Something very similar happened to the players in

Wilder - Arkell, London 1989 (left) & Mason - Winawer, London 1883 (right)













In the first case the board was set up again in another place due to annoying sunlight. Unfortunately the h3-pawn fell victim to that transfer, as it found itself a square back on h2, again without the players realising. And so the game went on. Wilder later played Bf1-h3, which enable him to gain a slight advantage, but not enough to win.

The Mason-Winawer game, however, was adjourned in the position on the right, but on the day they played it out the knight accidentally ended up on d7. Oddly enough, that went unnoticed by the players, so Black could continue with the strong 1…Nc5, with the idea of Ne4+, and soon won the game. A somewhat ridiculous turn of events for the player with White!

3: Torre – Reti, Baden Baden 1925 and Kindermann – Korchnoi

Another well-known type of disallowed move takes third place in our top list. The motif here is illegal castling!













The legendary Richard Reti, whose turn it was to move here with Black, found the strong move “long castles”, after which his king had found a bulletproof spot on the queenside. Carlos Torre, however, had something to say about the matter, and reminded the man who gave his name to the Reti Opening (1.Nf3) that his rook had previously moved to b8 and then returned to a8. Reti corrected his mistake and played 2…Kf8, since he’d already touched his king; the game ended in a draw after 31 moves.

The example on the right once again features Viktor Korchnoi. In his encounter with GM Stefan Kindermann he’d previously played Rg8 and then again Rh8, and in this position he simply castled. The faux pas initially went unnoticed and both players got into time trouble. But when reconstructing the moves after the time control they sensed something was wrong. In a clear unwillingness to get into another time trouble drama Kindermann and Korchnoi ultimately agreed to a draw. Viktor the Terrible! No, Viktor the terribly forgetful!

2: Kholmov – Lutivkov, Dubna 1976


I particularly like this example; it’s only the fact that it happened in real life almost 40 years ago and not in the internet age on a computer that surprises me a little. In this pre-pre-move era after 10…Bd7-g4 11.h3 Grandmaster Ratmir Kholmov was expecting nothing other than 11…Bxf3 and was already thinking how to respond to it. When his opponent instead played 11…Bc8 Kholmov didn’t take a close enough look and played his previously decided upon 12.Qxf3. Oddly enough Lutikov objected and noted that it was forbidden to capture your own pieces. White had touched his knight while capturing, and therefore here instead played 12.Ne1… and ultimately won the game regardless. So I would simply have accepted 12.Qxf3 as if nothing had happened and then confidently gone on to convert the extra piece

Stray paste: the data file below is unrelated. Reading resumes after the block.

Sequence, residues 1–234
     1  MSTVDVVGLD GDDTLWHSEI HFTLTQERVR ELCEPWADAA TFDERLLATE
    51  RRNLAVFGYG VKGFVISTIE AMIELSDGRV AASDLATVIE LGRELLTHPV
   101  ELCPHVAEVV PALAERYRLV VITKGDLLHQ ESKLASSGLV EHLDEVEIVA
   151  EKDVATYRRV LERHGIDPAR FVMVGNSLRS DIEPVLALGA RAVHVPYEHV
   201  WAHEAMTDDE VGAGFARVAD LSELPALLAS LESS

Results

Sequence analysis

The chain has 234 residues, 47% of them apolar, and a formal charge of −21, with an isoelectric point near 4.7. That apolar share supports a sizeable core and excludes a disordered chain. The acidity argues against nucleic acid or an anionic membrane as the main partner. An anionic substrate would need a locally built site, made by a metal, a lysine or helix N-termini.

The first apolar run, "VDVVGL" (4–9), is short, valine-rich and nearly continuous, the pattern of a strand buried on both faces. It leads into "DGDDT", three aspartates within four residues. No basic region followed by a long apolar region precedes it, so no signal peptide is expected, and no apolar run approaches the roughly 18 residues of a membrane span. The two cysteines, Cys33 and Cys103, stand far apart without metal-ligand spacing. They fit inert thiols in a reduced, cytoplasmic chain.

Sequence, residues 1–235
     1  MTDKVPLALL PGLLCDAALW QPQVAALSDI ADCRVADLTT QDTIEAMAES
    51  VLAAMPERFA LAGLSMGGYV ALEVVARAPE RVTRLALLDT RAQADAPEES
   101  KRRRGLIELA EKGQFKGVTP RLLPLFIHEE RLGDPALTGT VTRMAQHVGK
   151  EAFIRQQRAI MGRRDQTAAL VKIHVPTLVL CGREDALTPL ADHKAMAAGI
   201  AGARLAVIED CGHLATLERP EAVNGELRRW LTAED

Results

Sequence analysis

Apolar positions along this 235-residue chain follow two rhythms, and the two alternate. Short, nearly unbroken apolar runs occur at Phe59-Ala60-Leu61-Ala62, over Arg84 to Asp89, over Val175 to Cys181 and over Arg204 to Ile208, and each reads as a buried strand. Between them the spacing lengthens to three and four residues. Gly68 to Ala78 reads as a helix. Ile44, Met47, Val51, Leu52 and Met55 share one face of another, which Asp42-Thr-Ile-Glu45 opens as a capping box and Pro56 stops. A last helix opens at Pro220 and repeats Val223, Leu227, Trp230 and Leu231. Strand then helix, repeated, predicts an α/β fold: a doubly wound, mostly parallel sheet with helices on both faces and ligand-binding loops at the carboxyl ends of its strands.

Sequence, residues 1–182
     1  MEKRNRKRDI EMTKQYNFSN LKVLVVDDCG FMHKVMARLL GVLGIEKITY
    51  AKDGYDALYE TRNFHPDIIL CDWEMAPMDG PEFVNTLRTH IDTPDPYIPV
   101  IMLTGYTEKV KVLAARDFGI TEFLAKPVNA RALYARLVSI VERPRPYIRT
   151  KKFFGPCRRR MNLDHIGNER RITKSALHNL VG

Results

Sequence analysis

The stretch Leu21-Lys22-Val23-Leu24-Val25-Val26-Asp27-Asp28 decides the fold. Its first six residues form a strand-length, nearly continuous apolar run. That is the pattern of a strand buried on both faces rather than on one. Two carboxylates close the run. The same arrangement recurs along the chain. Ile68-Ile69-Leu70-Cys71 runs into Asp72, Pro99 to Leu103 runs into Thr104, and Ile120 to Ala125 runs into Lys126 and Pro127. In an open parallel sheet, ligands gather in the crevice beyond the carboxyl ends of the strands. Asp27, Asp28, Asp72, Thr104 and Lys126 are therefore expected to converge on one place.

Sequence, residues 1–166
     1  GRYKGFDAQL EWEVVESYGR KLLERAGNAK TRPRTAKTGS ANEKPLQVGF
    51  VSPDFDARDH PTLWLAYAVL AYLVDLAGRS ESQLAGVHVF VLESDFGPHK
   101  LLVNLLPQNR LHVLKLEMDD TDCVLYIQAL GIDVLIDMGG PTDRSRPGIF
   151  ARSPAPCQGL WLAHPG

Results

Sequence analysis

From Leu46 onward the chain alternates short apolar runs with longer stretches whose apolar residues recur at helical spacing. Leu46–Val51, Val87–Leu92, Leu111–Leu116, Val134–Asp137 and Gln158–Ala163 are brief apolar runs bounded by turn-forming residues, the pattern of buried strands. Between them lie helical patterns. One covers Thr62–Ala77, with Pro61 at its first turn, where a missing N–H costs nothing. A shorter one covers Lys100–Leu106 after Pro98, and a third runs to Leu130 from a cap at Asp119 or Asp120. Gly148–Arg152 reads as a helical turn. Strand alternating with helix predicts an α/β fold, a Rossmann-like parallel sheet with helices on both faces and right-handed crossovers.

1: Azmaiparashvili – Ivanchuk, 1994 and Romanovsky – Kasparyan, 1938

The first and best place on our rating list goes to two examples of exceptional sneakiness and trickery from players with the black pieces. Sadly the swindles were ultimately found out.













In the first case – an encounter between world class grandmasters Azmaiparashvili and Ivanchuk – Black is simply losing; he can’t defend against the dark-squared threats to his king. In the diagram position, however, Chucky uncorked the move 33…Qa3-g4, when after 34.Qf6 Kf8 Black would actually have saved his skin. Sadly, however, the queen can’t swerve like that, and it’s only with a great deal of imagination that you can get from a3 to g4 in one step. Ivanchuk had to take his attempt back and resigned, since otherwise there was no salvation on the horizon.

Things went a little more tragically for the well-known study composer Genrikh Kasparyan. In this highly promising position he went for the brilliant combination 52…Qe1+ 53.Kh2 Rxh3 54.Bxh3 (54.Kxh3 Qh4#) 54…Nf3#... only to realise that the knight was actually pinned, and he had to resign as he was a rook down in a hopeless position.

Has a similar mishap ever happened to you? Let us know!

See also: